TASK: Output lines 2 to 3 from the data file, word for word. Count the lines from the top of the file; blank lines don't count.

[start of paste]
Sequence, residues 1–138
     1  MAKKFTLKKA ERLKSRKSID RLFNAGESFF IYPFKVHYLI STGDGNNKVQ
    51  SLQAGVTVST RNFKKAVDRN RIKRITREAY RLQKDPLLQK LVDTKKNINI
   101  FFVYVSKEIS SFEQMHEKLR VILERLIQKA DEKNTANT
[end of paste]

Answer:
     1  MAKKFTLKKA ERLKSRKSID RLFNAGESFF IYPFKVHYLI STGDGNNKVQ
    51  SLQAGVTVST RNFKKAVDRN RIKRITREAY RLQKDPLLQK LVDTKKNINI